Tattoos - Still a Taboo in the Workplace?

  | The Resume Centre

A recent report in the UK has suggested that employers may be missing out on top talent because of outdated negative attitudes about tattoos, according to the mediation and conciliation service, Acas. With nearly a fifth of UK adults having a tattoo, according to a 2015 Yougov poll -a number that is significantly higher for the under 40s – this means a substantial portion of the working population is at risk from a form of discrimination that is seen, by some, as outmoded.

The report, conducted for Acas by academics at King’s College London, suggests that tattoos are still considered unacceptable in many workplaces, with a number of the 33 employers interviewed suggesting that tattoos could be a barrier to hiring in their profession.  A senior manager in the emergency services for example, quoted anonymously, told a potential new recruit:

"Why have you got a tattoo there? No, we're not accepting you'  "She found herself without a job. I said 'well how stupid are you, at what point did you think a tattoo on your head was going to be acceptable?'"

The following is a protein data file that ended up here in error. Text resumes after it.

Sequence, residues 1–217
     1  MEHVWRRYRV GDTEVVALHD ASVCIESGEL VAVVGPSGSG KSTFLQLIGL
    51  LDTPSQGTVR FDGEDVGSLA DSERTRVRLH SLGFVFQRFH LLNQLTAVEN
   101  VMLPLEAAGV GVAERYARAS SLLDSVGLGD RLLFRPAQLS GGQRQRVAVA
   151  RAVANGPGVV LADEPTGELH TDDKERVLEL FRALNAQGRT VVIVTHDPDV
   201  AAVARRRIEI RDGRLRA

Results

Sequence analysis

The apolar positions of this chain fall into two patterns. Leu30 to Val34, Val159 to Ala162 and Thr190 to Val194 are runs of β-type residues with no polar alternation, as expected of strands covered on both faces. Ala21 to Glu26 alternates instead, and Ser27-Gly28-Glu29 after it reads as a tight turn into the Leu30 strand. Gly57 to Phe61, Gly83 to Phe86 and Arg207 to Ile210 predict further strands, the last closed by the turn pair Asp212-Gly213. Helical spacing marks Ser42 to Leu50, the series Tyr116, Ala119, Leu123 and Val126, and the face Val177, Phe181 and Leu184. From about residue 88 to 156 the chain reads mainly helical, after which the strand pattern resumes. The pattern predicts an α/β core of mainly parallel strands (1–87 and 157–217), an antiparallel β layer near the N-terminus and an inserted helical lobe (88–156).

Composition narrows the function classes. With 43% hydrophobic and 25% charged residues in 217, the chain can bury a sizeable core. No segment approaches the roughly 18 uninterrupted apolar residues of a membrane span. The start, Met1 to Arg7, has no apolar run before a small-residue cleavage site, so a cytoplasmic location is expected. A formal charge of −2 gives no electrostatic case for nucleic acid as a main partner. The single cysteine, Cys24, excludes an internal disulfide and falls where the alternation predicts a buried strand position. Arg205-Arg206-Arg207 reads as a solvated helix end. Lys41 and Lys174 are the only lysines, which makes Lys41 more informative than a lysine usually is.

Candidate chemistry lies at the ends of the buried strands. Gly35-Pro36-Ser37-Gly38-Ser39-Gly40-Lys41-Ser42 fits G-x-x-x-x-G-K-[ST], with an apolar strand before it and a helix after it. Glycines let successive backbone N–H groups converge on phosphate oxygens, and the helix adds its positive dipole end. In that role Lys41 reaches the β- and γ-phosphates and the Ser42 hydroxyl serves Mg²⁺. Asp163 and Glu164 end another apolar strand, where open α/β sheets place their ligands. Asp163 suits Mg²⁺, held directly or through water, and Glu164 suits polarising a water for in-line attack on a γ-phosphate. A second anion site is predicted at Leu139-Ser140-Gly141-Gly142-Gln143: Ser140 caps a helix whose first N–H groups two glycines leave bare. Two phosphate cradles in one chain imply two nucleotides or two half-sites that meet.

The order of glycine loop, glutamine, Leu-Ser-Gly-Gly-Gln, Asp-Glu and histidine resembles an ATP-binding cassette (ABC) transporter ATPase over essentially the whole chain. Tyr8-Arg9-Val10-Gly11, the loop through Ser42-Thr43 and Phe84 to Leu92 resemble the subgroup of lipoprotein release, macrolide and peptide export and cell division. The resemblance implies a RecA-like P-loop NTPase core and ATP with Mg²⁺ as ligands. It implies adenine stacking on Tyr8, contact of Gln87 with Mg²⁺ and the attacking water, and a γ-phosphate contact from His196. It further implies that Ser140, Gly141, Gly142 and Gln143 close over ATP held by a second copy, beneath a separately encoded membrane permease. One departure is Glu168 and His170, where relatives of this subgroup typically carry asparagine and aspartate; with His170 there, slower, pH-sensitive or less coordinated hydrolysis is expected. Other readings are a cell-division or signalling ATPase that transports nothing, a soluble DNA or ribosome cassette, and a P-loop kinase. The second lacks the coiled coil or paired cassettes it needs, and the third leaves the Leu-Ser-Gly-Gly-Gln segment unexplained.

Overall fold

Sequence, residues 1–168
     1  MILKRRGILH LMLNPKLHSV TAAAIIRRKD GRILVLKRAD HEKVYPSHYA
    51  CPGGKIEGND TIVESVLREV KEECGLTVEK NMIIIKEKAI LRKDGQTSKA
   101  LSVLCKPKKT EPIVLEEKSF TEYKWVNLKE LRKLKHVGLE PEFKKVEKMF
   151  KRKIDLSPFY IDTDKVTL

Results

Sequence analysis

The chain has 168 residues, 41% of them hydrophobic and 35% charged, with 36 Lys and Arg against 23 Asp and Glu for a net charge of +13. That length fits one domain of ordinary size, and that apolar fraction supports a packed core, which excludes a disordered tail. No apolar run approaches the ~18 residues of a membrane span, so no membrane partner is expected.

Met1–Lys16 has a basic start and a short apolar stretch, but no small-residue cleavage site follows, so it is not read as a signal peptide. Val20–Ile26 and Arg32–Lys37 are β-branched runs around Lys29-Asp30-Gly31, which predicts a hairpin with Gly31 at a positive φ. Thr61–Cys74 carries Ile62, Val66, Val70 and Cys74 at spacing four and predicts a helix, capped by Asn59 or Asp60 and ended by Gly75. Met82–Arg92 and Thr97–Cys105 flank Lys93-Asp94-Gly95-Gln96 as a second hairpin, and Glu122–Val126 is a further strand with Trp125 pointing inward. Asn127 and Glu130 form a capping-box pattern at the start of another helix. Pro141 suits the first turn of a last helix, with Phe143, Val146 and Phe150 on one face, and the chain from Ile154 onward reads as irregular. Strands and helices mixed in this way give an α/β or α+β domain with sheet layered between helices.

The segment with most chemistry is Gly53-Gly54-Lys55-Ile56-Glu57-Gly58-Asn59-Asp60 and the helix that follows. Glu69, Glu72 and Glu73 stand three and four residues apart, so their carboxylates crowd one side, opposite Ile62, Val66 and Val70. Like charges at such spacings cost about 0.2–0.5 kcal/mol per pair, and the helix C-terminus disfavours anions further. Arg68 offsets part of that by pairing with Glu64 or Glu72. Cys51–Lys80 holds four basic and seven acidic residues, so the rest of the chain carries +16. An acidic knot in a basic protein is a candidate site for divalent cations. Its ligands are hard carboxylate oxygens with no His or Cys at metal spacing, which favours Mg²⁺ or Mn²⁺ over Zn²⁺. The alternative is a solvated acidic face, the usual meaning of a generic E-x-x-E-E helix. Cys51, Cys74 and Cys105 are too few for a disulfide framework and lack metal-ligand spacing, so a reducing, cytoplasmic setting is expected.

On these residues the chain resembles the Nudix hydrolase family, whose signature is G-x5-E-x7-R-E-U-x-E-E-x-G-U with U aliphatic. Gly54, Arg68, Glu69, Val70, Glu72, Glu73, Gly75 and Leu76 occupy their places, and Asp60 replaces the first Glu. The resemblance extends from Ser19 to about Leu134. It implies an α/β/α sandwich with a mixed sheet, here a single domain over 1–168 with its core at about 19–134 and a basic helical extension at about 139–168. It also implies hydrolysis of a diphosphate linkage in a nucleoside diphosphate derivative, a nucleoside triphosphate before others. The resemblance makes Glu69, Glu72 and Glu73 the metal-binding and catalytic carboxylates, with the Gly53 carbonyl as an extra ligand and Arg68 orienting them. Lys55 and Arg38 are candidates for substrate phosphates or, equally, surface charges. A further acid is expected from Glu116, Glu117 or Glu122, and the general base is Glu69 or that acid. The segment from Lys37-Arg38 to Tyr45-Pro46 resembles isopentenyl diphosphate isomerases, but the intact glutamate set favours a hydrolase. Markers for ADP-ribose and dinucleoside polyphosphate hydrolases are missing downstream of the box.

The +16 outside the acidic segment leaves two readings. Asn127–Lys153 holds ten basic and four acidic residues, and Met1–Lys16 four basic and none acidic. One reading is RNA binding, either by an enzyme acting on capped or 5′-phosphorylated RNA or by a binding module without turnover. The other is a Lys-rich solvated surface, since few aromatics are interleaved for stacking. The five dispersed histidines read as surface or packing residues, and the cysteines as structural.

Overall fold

Other employers, including the regional director of an accounting firm, and the manager of a removals firm, indicated to researchers that they would be reluctant to hire people with visible tattoos in case it put off customers and clients.

The airline industry, for example, has a strict approach to appearance; people with tattoos or visible piercings are unlikely to pass the application stage.

However, there are some who argue a change in attitude is inevitable. Andrew Timming from St. Andrews University commented: "There's a tidal wave of young people with tattoos these days and they're not always going to be young."

"Employers are going to have to accept that they're integral to the fabric of society and accept that they may potentially have a place at work."

In his research Dr Timming found there were some organisations where a tattoo could be regarded as an asset  - those marketing towards younger people, or in the creative industries where a tattoo can be seen as a form of personal expression.

Acas’ head of equality, Stephen Williams noted: "Whilst it remains a legitimate business decision, a dress code that restricts people with tattoos might mean companies are missing out on talented workers."

"We know that employers with a diverse workforce can reap many business benefits as they can tap into the knowledge and skills of staff from a wide range of backgrounds."

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